Hiring? Post your job on WRAG’s job board and get it included in the Daily! Free for members; $60/60 days for non-members. Details here.


Community Calendar

To add an event to WRAG’s community calendar, email Rebekah Seder. Click here to view the community calendar.


What a great way to embrace the upcoming MLK weekend: 6 Opportunities To Reflect On Martin Luther King Jr.’s Legacy Around The D.C. Region

Next week we’ll publish the (almost) Daily WRAG on Tuesday, Thursday and Friday.

– Buffy

The demolition of the District’s Barry Farm housing project is near

HOUSING | The DC Council approved the redevelopment of the Barry Farm housing project in 2006 under the New Communities Initiative, a program designed to revitalize “severely distressed” subsidized housing and redevelop communities plagued with concentrated poverty. Although residents have organized to stop their displacement during and after construction, the demolition is near and residents are frustrated with the developer and the DC Housing Authority’s policies. (WaPo, 7/8)

Management of the new complex will be overseen by one or both of the developers that have partnered with the Housing Authority. To dispel concern that the new manager might impose a tighter screening process for returning residents, in terms of their credit and rent-paying histories and any past legal problems, the authority has enacted a rule that the process cannot be any stricter than the current one for public housing.

King, the authority’s development officer, said the rebuilt complex will have 1,400 units, including 344 for public housing tenants. An additional 100 public housing apartments already have opened, and are occupied, at two new complexes nearby. The rest of the redevelopment, more than 1,000 residences, will be a mix of nonpublic apartments for low-income tenants and market-rate rental and ownership units.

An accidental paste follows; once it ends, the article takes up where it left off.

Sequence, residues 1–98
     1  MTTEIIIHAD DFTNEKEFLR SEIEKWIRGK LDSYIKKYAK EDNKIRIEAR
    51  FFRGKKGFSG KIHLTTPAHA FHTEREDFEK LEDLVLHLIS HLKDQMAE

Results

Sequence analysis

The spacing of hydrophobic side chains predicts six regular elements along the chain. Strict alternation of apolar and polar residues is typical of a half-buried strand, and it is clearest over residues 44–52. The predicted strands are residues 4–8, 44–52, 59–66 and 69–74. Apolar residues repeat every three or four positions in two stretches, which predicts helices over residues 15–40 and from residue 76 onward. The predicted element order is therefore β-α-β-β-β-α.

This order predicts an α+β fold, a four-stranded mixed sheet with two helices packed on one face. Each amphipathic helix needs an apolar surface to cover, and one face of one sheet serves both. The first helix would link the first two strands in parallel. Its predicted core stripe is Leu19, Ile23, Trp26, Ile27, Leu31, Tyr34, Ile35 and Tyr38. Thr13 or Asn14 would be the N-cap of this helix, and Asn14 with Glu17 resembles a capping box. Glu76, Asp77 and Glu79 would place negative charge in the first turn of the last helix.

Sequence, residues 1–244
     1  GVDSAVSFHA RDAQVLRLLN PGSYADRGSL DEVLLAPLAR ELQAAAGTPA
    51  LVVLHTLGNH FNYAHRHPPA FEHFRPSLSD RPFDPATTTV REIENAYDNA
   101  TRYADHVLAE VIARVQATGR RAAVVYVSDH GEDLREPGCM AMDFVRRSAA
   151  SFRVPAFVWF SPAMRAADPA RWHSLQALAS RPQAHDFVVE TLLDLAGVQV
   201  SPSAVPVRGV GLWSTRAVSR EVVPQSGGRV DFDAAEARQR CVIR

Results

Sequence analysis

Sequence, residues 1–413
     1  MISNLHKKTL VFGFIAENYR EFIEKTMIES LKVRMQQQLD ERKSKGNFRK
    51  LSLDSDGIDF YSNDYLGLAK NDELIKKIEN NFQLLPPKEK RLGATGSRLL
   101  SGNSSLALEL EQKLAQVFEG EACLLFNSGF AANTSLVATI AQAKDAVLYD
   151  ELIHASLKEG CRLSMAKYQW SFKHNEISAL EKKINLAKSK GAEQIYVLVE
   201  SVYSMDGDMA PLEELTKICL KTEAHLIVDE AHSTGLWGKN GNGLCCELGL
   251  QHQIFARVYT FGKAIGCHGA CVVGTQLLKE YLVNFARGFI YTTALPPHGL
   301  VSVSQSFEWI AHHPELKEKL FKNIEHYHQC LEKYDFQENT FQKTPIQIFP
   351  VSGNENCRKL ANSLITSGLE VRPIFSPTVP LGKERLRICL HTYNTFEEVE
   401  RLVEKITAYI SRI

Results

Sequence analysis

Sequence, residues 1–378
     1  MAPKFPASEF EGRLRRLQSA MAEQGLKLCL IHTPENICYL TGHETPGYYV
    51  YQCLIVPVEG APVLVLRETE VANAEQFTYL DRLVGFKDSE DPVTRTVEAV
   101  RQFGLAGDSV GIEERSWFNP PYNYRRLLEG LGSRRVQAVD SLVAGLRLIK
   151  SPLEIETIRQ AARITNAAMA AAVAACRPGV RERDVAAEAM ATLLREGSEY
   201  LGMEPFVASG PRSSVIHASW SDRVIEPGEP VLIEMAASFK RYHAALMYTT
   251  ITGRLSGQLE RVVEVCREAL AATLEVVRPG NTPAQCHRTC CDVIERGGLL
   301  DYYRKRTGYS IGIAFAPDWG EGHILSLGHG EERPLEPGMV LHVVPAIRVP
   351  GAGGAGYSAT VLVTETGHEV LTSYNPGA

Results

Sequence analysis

RACISM | Tamara Copeland, WRAG’s president, has taken some time from her sabbatical to thank a longtime actress for calling out a racist incident she witnessed in Lucca, Italy, where Tamara is also visiting. (Daily, 7/10)

PHILANTHROPY | Yanique Redwood, vice chair of WRAG’s board and president and CEO of Consumer Health Foundation, discusses why her foundation has decided to require prospective grantees to complete a racial equity impact assessment tool with their grant application. (CHF Blog, 7/6)

RFP | The Loudoun Impact Fund, a Community Foundation for Northern Virginia and the Community Foundation for Loudoun and Northern Fauquier Counties initiative, is accepting applications for its 2017 grants cycle. Organizations supporting youth and elderly welfare in Loudoun County are invited to apply by September 13, 2017. More information here

EDUCATION
– Instead of worrying about financing scholarships every year, what if foundations found a new way to help low-income and middle class students? (Chronicle, 7/7 – Subscription needed)

– DC, Maryland and Virginia have joined sixteen other states in filing a lawsuit against the secretary of education for delaying a rule that helps former students of predatory colleges seek debt forgiveness. (DCist, 7/7)